5. As regards the writing off of the principal amount, the Tribunal found that when the Assessing Officer accepted the interest income as from money-lending business, the same line of reasoning had to be accepted in respect of the principal amount also. In respect of advancing of money to an extent of Rs. 40 lakhs to M/s. Dyes and Pigments India, the Tribunal pointed out that the assessee had advanced the said sum of Rs. 40 lakhs for the purpose of purchasing technical know-how for the manufacture of chemicals. Subsequently, since the purchase of technical know-how did not materialise, the amount advanced was converted as loan and the same was continued in the books of account as a loan. Aggrieved by the same, the present tax case appeal has been filed by the Revenue.

6. Learned standing counsel appearing for the Revenue, although raised serious objection as regards the claim of the assessee that it was carrying on the business of money-lending too, having regard to the finding of fact by the Tribunal, being the highest fact finding body, we do agree with the Tribunal’s finding that the assessee was carrying on business in money-lending.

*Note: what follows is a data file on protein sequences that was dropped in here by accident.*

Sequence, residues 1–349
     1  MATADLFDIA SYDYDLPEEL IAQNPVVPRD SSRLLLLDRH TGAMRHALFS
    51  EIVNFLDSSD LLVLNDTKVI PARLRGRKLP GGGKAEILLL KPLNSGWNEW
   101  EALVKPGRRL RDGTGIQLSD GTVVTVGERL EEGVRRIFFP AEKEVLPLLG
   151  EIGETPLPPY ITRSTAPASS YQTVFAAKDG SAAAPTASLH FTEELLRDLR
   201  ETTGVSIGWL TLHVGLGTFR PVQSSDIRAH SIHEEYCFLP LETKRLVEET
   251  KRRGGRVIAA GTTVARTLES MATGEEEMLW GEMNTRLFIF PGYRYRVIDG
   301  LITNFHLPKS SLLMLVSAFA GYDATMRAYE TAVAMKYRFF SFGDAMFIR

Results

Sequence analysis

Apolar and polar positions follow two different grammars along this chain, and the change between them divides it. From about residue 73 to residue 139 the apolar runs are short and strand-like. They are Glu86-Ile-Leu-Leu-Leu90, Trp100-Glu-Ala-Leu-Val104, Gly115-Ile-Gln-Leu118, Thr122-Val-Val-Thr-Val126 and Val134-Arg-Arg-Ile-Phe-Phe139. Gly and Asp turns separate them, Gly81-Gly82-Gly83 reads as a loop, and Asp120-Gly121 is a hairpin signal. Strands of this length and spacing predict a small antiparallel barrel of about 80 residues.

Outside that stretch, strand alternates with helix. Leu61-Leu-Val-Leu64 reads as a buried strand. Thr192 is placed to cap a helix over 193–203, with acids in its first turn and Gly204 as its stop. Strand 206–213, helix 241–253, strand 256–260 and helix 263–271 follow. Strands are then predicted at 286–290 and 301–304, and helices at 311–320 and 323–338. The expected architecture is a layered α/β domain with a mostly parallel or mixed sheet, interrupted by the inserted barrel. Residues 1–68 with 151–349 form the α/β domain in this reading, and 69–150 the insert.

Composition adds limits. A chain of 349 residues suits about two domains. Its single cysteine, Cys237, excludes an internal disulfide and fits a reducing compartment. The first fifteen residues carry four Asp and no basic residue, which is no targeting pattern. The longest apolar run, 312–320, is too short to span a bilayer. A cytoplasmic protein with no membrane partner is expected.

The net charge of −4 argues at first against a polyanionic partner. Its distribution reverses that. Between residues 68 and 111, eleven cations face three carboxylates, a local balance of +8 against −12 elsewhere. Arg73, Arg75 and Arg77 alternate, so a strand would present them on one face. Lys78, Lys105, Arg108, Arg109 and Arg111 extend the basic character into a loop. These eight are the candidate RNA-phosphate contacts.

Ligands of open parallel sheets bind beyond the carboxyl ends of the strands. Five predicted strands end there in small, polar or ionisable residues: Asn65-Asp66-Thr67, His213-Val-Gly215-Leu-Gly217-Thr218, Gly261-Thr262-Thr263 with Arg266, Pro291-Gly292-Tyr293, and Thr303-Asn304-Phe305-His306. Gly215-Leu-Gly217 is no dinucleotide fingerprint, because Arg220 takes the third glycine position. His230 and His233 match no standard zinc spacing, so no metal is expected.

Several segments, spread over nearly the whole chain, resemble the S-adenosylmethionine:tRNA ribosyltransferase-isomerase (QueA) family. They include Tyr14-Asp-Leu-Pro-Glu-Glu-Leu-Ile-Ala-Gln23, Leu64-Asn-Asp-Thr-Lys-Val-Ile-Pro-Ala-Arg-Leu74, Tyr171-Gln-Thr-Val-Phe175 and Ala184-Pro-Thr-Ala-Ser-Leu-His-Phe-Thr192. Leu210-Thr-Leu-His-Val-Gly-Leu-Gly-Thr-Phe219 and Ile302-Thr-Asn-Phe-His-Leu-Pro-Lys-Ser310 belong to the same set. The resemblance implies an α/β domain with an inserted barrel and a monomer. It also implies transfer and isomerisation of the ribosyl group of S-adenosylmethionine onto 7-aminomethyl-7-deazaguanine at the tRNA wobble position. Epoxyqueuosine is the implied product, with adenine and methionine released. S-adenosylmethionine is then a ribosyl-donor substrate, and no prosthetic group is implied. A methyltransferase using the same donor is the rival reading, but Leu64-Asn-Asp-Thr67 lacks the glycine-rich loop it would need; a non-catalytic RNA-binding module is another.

7. It is seen from the order of the Tribunal that it had, in an elaborate manner, considered the claim of the assessee as well as the Revenue, on the aspect of the assessee doing business in money-lending. A perusal of the order of the Tribunal and the assessment order shows that right from the assessment years 1991-92 to 2000-01, the assessee had been consistently receiving interest from the money-lending business as a business income and the same was offered as business income, the Revenue accepted the claim of the assessee in the assessment made for the earlier years under section 143(3) of the Income-tax Act. Even for the assessment year 2000-01, the interest arising out of the same transaction was offered as business income, which was allowed by the Assessing Officer. Having considered the detailed working of the assessee as regards the interest received by the assessee from the various borrowers right from the assessment years 1991-92 to 1999-2000, the Tribunal pointed out that admittedly, the debtor had deducted tax at source before paying interest to the assessee. The Tribunal found that the copies of the statement filed before it showed that the assessee had been continuously receiving interest income and the same was offered for assessment and had, in fact, been assessed so. Having regard to the abundant material available in this regard that the assessee had money-lending business, the Tribunal rightly held that apart from manufacturing activity, the assessee was doing money-lending business, as part of its business. Even though the finding of the Tribunal as regards the memorandum and articles of association containing the clause on carrying on of the business may not be correct, yet, there are hardly any material before us to support the Revenue’s case that the assessee did not have money-lending business as part of its business. The Tribunal considered the decision of this court reported in Ace Investments ( P.) Ltd. v. CIT [2000] 244 ITR 166 (Mad), as regards the need to look at the substance of the transaction for the purpose of finding out whether the assessee could be said to have business in money-lending. The reference as regards the substance of the transaction assumes relevance in a case where the transaction itself is of such a dubious character that one may not know whether the transaction falls under a particular character as, namely, money-lending business. A perusal of the statement filed before the authorities below shows that apart from M/s. Dyes and Pigments India, the assessee had money transactions with other concerns too, which were treated as part of the money-lending business. In the circumstances, we have no hesitation in confirming the finding of the Tribunal that the assessee had money-lending business also as part of its business. Given the fact that the assessee had been carrying on business in money-lending, which had been accepted so by the Revenue, and in the absence of any other material to show that the memorandum and articles of association of the company did not permit carrying on of money-lending business, the only question that survives for us to consider is whether the amount advanced by the assessee to the extent of Rs. 40 lakhs was really in the nature of a loan.